Behind Picketwire by M. Day Hampton

Not your usual love story

This book is going to be complicated to review, for the simple fact that it is too easy to give away spoilers. Indeed, especially towards the end, even the tiniest detail is a spoiler!

But I will start with this – as soon as Red had his fall, this was one of the few times that I wanted to skip to the end, to see what happened to him. I resisted the urge and in many ways I’m glad I did, as the ending is too strong and would have spoilt the rest. Instead, I stuck with it, with Red and the dog(s) (minor spoiler), on their journey through the wilderness.

In some ways, this could be classified as Dystopian – a world where people, law, order, the modern world, has all disappeared. It’s like a One Man and His Dog version of The Land Before Time. There’s just the wilderness, with all of nature as it once was and could be again.

So, considering it all, even before starting, we know that Red has to be in some dream-like state. Is it a coma? Is he already dead? Will he wake up? All those questions are hard to tell, as the book trundles slowly on. And yes, I did find it a slow read. I think probably because for the first part of the book, it did move slowly. It makes it hard in that the only dialogue is between Red and his dog, or random into the wilderness, or memories. Yes, there are many flashbacks, that help us understand Red better as he starts to understand himself better, too, from his childhood to more recent memories. He sees his triumphs, but he also sees his faults, and wonders why he couldn’t have been a better person at the moments when it mattered. He knows that he cared in those moments, yet was unable to show it better. Regrets, yet rediscovering the love that he moves forward to refind.

Not everything goes to plan in the wilderness. When he does finally set off, with such certainty of where he has to go, where he will find his wife again, between disasters and durability, he somehow finds his way forward.

Once you get into the final thirty percent of the book, the ending can be seen coming. Yet, somehow, you still hope for more.

So, we know what happens to Red, right at the end, yet what about Jake? And who was his coyote companion, he named Lady?

Another note is that there are Christian elements throughout, but in such a casual way as to not be overbearing. I appreciate a book that can give insights into someone’s religious, or semi-religious life, without trying to preach to you or force it down your throat (unfortunately I’ve had a few of the bad kind of late). This is pretty safe for anyone, no matter their spiritual- or non-beliefs.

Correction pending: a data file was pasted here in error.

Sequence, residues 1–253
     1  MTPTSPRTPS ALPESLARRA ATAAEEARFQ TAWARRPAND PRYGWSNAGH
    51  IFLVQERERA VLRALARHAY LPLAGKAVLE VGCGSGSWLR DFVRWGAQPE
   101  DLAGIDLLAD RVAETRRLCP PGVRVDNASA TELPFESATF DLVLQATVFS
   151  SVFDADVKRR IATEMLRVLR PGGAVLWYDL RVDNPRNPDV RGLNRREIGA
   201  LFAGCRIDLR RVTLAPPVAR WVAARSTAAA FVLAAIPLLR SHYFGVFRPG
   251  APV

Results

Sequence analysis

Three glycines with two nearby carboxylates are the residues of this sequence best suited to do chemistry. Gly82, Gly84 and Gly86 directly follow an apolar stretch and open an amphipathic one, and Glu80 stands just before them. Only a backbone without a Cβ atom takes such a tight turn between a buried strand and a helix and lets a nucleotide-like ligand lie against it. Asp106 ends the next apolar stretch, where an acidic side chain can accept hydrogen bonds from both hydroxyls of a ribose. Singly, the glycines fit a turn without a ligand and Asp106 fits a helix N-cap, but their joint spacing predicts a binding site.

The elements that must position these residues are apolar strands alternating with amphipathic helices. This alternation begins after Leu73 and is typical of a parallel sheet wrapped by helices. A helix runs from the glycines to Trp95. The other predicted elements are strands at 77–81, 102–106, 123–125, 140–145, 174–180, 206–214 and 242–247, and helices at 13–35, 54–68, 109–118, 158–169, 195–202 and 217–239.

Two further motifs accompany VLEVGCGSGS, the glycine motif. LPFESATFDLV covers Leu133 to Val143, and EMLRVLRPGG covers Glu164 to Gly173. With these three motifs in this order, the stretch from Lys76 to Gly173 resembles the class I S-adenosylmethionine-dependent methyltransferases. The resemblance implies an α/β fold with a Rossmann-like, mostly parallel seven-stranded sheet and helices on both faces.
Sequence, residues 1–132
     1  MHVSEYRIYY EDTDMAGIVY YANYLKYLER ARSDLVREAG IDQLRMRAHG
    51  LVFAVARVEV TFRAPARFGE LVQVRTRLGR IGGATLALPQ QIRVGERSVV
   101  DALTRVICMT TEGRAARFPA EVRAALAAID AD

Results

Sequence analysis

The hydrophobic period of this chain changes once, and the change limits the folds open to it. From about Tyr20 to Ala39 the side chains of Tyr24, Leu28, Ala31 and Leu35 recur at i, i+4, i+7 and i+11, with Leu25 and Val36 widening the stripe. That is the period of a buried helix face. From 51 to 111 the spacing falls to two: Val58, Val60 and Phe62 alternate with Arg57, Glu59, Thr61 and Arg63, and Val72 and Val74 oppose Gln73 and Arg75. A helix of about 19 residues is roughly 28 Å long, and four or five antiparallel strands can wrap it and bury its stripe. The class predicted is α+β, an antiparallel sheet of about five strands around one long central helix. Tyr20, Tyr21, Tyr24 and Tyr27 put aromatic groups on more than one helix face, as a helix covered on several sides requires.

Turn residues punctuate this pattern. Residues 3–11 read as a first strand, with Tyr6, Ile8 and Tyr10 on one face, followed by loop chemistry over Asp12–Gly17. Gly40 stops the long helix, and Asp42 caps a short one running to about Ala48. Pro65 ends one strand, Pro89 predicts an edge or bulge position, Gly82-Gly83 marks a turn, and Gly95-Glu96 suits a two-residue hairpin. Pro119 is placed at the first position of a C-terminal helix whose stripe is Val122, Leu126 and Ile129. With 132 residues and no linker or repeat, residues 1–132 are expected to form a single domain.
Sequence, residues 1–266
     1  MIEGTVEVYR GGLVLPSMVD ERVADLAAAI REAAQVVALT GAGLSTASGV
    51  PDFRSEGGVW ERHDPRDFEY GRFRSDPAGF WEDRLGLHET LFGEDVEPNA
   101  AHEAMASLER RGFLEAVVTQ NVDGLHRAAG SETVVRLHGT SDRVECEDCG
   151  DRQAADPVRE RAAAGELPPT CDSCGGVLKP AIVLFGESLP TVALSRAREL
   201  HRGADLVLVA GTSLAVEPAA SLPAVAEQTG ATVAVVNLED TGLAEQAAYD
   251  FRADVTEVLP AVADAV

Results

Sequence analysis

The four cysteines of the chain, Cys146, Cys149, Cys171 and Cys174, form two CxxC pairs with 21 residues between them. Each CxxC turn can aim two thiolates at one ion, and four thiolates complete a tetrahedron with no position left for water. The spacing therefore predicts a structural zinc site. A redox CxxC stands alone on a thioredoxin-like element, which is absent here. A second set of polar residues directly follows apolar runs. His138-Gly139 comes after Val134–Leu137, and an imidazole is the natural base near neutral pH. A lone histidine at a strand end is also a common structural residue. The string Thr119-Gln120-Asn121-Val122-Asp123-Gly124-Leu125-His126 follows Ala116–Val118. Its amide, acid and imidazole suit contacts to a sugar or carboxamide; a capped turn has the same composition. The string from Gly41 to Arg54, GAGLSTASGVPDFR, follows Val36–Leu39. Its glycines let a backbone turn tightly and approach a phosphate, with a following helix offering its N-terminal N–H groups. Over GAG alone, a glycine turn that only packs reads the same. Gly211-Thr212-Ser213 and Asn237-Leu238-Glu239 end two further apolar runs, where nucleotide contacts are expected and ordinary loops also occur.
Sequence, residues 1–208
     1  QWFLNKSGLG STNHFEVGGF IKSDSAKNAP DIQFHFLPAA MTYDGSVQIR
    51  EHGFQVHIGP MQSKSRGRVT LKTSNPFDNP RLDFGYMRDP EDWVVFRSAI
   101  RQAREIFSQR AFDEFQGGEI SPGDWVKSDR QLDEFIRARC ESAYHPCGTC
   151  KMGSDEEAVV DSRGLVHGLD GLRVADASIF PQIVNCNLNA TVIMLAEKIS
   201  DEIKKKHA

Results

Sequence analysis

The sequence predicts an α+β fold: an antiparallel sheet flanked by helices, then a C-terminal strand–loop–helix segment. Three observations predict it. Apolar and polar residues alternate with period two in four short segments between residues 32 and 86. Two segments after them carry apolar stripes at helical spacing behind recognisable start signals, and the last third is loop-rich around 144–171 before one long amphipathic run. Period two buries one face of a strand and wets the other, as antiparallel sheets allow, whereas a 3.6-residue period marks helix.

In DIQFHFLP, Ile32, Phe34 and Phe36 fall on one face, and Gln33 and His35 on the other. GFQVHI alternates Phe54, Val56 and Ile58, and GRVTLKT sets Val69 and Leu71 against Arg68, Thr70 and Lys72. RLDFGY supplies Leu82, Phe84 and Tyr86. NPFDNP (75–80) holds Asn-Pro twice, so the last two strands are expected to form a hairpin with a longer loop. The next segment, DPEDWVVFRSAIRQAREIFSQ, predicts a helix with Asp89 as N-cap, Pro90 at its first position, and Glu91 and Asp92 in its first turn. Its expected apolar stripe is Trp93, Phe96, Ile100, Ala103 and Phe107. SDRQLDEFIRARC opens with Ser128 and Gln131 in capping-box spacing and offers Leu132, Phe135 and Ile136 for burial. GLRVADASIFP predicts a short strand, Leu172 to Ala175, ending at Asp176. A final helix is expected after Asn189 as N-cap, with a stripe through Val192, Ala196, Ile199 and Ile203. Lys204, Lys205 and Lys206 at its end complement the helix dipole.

On the whole, this is a book that deserves forbearance. When the emotional moments come, they are overpowering. In between is a journey that is far more than it first seems.

Final rating: ★★★★☆ – Really liked

Dead Silence by Robin Caroll

Christian political suspense

I should have paid more attention when picking this book up, that it was listed as Christian fiction, as I know that I have many problems with that. In fact, this book could also be surmised as “Mother of deaf child works her way back to God through additional trials and tribulations.” Yes, the substory was essentially that, which I felt a little uncomfortable with. It wasn’t too preachy, surprisingly, but as soon as a book goes into that sort of territory, I do hope that it’s not going to go too far.

But the main thing that invited me to read this book was actually the fact that the MC’s son is deaf. Sign language, lip reading, and deafness aren’t huge topics for a mystery suspense, so I liked the idea.

So, anyway, as for the main part of the story itself, we have a single mother, who lost her husband a few years previously, who now loses her difficult mother-in-law. She can sign and lipread, making her great as a court sign-language interpreter. But it also puts her into other difficult territory, when she reads the lips of someone without thinking, who turns out to be planning the murder of her mother-in-law, one of the state senators.

Well, of course, something comes in the way, so she can’t inform anyone, until it’s too late and the FBI are already at her workplace asking her questions. One FBI agent, who’s rude, abrasive, and incompetent. Another who is well meaning, but completely blind to how bad his partner actually is. When a leak puts Elise’s life in danger, all secrets are excruciatingly slowly forced out into the open.

In actual fact, it takes Elise herself, plus the assistance of a reporter who wants to help rather than going for the big money, and her ex-press step-father-in-law and sister-in-law, to crack the case. They somehow, between themselves, manage to uncover things that the FBI hasn’t.

How believable all of that truly is, I’m not quite sure. It was quite a ride, which left me wanting to read further at many points. Although it was pretty frustrating when it was revealed what Liliana (MiL) was actually working on and the penny didn’t even drop as to who the villain actually was. For me, it was blazingly obvious! So with the Christian elements, the FBI incompetence, and the supposedly ‘good sleuthing crew’ missing obvious clues, there were a few head bashing moments.

All of it put together, and it ends up as an OK read instead of a brilliant one. I don’t regret reading it, yet it doesn’t warm me to read any of the author’s other books.

Final rating: ★★★☆☆ – Sort of liked/OK

*I received a free digital ARC via NetGalley and the publisher in exchange for an honest review.*

The Englisch Daughter by Cindy Woodsmall and Erin Woodsmall

Fighting against the odds

Now this is exactly what I wanted from a religious book – an overview of the religion and culture, without preaching to me (this comment is because of having recently been burnt with that).